Felipe Massa took Ferrari's second consecutive sixth-place finish in the 2009 Formula 1 World Championship in the Spanish Grand Prix in Barcelona, in so doing underlining the significant step forward that the Scuderia has made this weekend - but the reliability issues and operational failures that have blighted the team's early-season efforts remain.

Having qualified a strong fourth under the Catalan sun with a healthy fuel load on-board his scarlet F60, Massa was touted as the danger man when the lights went out to signal the start of the race by dint of his KERS (Kinetic Energy Recovery Systems) technology providing him with an extra 80bhp over his immediate rivals off the line.

The Brazilian did indeed make a gain, but it was only of one position as he bravely forced his way past the Red Bull Racing of front row starter Sebastian Vettel down the straight, and from thereon in the 2008 world championship runner-up would go on to frustrate Vettel and team-mate Mark Webber's intentions for the entirety of the first two stints.

With not enough fuel having gone into his car at his second pit-stop, however, Massa found himself having to defend against the young German in the closing stages whilst at the same time keeping an eye on his consumption, with messages from the pit wall warning him that unless he backed off he may not even make the chequered flag.

Reluctantly letting Vettel go, the 28-year-old's drop-off in pace in the closing laps also permitted Fernando Alonso in the Renault to sweep by into fifth, and very nearly allowed Nick Heidfeld to follow suit for BMW-Sauber. Sixth spot in the final reckoning may have marked Massa's first points of the campaign, but given his pace - setting the third-fastest lap of the race behind the unbeatable Brawn duo - it fell somewhat short of what might have been...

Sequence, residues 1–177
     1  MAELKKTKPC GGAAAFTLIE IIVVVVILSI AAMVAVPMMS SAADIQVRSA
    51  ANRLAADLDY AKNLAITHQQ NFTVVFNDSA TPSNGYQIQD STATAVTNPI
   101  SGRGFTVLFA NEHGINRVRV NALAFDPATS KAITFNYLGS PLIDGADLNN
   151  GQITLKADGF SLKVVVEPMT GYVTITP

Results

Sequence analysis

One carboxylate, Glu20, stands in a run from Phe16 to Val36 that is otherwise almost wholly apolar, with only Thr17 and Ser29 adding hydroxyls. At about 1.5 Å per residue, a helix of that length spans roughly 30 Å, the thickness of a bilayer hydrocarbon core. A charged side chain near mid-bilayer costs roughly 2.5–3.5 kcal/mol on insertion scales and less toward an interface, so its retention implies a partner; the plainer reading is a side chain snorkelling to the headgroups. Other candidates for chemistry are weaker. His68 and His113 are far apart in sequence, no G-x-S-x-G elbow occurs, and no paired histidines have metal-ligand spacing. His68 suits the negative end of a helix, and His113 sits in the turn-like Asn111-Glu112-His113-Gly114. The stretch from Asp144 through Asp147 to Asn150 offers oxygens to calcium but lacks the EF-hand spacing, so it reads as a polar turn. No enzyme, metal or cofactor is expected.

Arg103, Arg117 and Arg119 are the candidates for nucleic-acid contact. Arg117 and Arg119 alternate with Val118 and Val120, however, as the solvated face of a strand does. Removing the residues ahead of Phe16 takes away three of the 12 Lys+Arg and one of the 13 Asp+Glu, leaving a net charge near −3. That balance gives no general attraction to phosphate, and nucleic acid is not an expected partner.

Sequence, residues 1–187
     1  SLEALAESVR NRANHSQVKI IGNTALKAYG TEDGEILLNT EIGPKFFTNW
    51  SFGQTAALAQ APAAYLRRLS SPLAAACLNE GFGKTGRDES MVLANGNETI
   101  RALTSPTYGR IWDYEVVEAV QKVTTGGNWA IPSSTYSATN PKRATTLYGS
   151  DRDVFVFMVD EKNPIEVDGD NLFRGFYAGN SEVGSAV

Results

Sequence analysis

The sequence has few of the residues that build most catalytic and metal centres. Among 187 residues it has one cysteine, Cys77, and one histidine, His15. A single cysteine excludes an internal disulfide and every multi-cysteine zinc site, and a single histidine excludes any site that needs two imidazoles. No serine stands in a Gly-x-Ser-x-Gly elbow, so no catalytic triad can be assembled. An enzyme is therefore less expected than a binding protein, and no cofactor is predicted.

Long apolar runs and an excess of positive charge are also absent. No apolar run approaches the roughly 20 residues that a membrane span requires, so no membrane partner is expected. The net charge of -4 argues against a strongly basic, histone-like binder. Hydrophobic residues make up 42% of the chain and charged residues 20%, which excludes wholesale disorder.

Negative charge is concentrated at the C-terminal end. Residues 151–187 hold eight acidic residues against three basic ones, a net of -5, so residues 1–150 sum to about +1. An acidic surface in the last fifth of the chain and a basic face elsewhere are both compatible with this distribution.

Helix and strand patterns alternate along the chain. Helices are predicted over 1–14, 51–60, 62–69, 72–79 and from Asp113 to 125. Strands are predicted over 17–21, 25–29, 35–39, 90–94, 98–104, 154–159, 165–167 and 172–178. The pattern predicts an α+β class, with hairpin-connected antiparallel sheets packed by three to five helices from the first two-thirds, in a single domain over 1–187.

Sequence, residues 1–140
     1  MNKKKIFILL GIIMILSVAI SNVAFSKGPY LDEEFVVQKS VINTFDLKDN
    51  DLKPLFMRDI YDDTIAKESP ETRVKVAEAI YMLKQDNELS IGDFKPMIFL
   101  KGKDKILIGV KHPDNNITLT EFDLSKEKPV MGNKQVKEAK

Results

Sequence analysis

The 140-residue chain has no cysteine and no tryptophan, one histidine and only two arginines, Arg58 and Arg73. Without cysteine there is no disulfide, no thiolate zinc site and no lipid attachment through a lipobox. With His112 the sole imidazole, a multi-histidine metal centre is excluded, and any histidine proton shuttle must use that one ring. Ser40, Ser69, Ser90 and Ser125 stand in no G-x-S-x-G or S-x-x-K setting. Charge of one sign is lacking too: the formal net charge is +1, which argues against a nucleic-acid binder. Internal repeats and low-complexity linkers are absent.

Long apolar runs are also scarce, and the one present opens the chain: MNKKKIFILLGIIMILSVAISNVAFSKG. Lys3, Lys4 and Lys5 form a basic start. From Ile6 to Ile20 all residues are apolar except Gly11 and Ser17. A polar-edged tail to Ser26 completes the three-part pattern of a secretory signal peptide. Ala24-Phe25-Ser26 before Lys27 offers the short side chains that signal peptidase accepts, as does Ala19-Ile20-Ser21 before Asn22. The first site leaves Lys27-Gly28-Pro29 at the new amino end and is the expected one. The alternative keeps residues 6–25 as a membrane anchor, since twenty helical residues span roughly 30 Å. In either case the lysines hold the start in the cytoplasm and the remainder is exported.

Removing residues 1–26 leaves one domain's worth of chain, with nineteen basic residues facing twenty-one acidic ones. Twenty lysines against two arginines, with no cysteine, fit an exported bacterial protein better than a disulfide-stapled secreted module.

"It's a real shame to have lost two places in the final stages," lamented the S?o Paulo native, "even if we've finally made it to the scoreboard. We knew we couldn't match the pace of the Brawns, but we had managed to get ahead of the Red Bulls and - but for the fuel problem - I could have certainly stayed ahead of Vettel and Alonso.

"The final part of the race was a pain. I was already struggling on the harder tyres and then I had to try and save fuel as much as possible, while at the same time staying ahead of Vettel. Then the team told me that if I wanted to make it to the finish, I would have to let Vettel by and slow down a lot; if I had made another pit-stop I would have finished out of the points. Today, the car's pace on the softer tyre was reasonably good, even if we're still lacking a few tenths, but at least we are back to fighting for the top places."

On the positive side, Massa did fare better than team-mate Kimi Raikkonen, the man who had belatedly got Ferrari off the mark this year four races into the season in Bahrain a fortnight ago. The Finnish former world champion enjoyed a tight battle with Heidfeld in the lower reaches of the top ten early on as he endeavoured to atone for the catastrophic qualifying misjudgement that had left him down in 16th place on the grid, but a sudden problem with the hydraulic control of the accelerator in his car on lap 18 prematurely ended his chances of making it back-to-back points finishes at the scene of his last grand prix victory twelve long months ago.